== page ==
67 Van Herpen, 173 “Mabetex was a construction company that was said to have paid $15 million in kickbacks to Yeltsin, his two daughters, and senior Kremlin officials, in order to receive a renovation contract for the Kremlin buildings.”
68 Van Herpen, 173 ; Dawisha, Karen. Putin's Kleptocracy: Who Owns Russia? New York: Simon & Schuster, 2014. Print. pg 203
69 Van Herpen, 173 ; Dawisha, 203
70 Szaszdi, Russian Civil Military Relations, 281
73 Szaszdi, Russian Civil Military Relations, 318
74 Ibid, 328
75 Mansfeld and Snyder, 258
76 Smith, 632
77 Mansfeld and Snyder, 258
78 Mansfeld and Snyder, 258
79 Traynor, Ian. "Business as Usual for Kremlin Cronies as Putin Era Begins." The Guardian. N.p., 5 Jan. 2000. Web. 7 May 2015. <http://www.theguardian.com/world/2000/jan/05/russia.iantraynor>.
80 Mansfeld and Snyder, 258
81 Mansfeld and Snyder, 67
82OSCE Report on Russian Federation's 1999 State Duma Elections. Rep. OSCE, n.d. Web. pg 16
86OSCE Report on Russian Federation's 1999 State Duma Elections, 18; Gazprom was the state natural gas company
87OSCE Report on Russian Federation's 1999 State Duma Elections, 3
88OSCE Final Report on Russian Federation's Presidential Election 2000. Rep. OSCE, n.d. Web.
89 I include ideology as a separate level of analysis for the sake of organization and clarity. Ideology plays a role in all the other levels of analysis. The international level of analysis is mainly influenced by the Neo-Eurasianist strategic culture of the Russian Federation. The domestic level of analysis is influenced by ideology through the Russian government’s strategic framing of the war in terms of a fight against terrorism when attempting to enlist public support. Finally, the individual level of analysis is penetrated by ideology, because Putin was a more ardent Neo-Eurasianist than his predecessor to the prime ministership, who was sacked in favor of Putin.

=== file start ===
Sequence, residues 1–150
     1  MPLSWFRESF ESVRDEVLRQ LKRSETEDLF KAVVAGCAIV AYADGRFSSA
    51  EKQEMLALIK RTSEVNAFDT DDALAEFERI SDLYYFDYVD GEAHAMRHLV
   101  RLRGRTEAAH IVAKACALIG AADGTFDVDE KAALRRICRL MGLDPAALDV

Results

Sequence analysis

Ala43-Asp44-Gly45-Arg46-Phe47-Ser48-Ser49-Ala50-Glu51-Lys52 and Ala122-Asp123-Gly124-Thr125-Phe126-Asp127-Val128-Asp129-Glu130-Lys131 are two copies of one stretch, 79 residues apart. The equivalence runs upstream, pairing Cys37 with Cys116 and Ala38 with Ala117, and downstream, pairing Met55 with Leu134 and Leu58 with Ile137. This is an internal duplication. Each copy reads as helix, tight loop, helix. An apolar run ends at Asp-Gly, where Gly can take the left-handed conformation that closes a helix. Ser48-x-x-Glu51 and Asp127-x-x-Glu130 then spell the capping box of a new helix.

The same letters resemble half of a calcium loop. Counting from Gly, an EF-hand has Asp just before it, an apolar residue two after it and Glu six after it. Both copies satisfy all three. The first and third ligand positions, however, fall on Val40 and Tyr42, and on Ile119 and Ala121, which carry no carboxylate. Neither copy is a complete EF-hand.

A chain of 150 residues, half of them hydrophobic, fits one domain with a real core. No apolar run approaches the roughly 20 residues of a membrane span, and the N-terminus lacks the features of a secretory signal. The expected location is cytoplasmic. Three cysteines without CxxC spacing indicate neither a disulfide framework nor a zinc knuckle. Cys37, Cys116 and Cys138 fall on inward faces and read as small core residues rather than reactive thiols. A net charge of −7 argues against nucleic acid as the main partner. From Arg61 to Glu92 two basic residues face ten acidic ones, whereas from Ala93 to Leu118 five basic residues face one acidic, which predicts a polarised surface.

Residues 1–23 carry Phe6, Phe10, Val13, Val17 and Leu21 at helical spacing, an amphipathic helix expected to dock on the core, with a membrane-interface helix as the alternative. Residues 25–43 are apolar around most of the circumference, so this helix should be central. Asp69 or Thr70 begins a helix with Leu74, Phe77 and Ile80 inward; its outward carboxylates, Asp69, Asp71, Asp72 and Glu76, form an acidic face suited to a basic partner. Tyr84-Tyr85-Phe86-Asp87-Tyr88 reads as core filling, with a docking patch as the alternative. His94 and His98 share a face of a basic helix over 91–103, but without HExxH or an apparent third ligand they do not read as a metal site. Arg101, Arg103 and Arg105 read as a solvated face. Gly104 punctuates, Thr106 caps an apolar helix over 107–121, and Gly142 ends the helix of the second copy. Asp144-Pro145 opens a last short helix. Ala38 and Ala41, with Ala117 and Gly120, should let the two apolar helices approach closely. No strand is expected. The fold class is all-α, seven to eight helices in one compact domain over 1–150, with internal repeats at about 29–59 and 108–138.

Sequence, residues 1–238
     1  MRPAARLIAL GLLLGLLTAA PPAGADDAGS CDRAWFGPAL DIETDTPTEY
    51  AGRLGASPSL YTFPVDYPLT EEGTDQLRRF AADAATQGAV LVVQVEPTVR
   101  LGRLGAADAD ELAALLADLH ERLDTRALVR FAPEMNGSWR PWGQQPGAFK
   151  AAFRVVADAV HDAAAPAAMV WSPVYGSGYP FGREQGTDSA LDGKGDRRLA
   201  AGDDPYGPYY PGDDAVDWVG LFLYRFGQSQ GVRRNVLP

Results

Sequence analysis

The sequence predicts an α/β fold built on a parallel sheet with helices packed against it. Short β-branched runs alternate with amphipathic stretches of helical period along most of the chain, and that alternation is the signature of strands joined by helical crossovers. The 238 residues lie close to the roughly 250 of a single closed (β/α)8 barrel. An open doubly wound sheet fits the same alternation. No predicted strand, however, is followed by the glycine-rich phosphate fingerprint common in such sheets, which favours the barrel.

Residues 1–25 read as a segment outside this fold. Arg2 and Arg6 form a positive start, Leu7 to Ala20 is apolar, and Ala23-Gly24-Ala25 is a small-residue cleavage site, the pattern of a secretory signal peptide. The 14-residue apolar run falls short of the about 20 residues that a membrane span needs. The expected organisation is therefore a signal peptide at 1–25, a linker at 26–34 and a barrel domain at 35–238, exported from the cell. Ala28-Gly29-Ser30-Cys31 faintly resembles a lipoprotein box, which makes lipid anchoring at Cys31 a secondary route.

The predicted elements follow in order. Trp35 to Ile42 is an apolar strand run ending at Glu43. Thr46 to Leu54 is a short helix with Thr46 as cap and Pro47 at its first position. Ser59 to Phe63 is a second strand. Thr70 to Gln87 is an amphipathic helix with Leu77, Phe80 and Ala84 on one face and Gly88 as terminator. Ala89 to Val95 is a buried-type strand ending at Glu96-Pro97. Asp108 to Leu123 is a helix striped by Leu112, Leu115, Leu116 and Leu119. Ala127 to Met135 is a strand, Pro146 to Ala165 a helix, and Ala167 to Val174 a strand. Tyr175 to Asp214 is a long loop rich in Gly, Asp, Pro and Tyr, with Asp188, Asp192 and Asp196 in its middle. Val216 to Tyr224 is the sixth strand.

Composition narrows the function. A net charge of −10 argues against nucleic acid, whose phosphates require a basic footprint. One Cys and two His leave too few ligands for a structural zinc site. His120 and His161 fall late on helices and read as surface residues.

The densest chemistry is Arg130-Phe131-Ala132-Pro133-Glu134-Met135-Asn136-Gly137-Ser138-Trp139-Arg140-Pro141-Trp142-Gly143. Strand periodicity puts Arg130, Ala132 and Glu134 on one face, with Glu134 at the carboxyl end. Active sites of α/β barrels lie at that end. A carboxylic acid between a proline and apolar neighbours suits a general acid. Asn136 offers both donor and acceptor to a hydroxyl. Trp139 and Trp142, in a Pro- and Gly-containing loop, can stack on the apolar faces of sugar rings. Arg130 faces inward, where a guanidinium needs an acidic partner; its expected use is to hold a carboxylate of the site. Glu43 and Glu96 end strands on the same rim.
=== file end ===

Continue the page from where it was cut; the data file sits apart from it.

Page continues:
90 Szaszdi, Lajos F. "Russian Civil-Military Relations in 1999: Origins of the Second Chechen War." Order No. 3191603 The Catholic University of America, 2005. Ann Arbor: ProQuest. Web. 17 July 2015. pg 12
91 Skocpol, Theda. "Cultural Idioms and Political Ideologies in the Revolutionary Reconstruction of State Power: A Rejoinder to Sewell." The Journal of Modern History 57.1 (1985): 86-96. JSTOR. Web. 02 Apr. 2015. pg 91
92 Szaszdi, “Russian Civil-Military Relations in 1999,” 26
94 Although this could be seen as a strategic framing of the conflict, as opposed to an ideological framing of the conflict, Skocpol’s definition specifically posits that ideologies, ‘are developed and deployed by particular groups or alliances engaged in temporally specific political conflicts or attempts to justify the use of state power’ (Skocpol 91); thus, the deployment of a new rationale (anti-terrorism) to justify the use of state power in Chechnya during a specific temporal period can be soundly classified as ideological within the theoretical framework of this paper.
95 Pain, “The Second Chechen War: The information component,” n.p.
96 Pain, Emil. “The Chechen War in the Context of Contemporary Russian Politics" Chechnya: From past to Future. Ed. Richard Sakwa. London: Anthem, 2005. N. pag. Print. pg 71
97 Bacon, Edwin, Bettina Renz, and Julian Cooper. Securitising Russia: The Domestic Politics of Putin. Manchester: Manchester UP, 2006. Print.
98 Pain, “The Second Chechen War: The Information Component” n.p.
99 Szaszdi, Russian Civil-Military Relations, 14
100 Szaszdi, “Russian Civil-Military Relations in 1999,” 27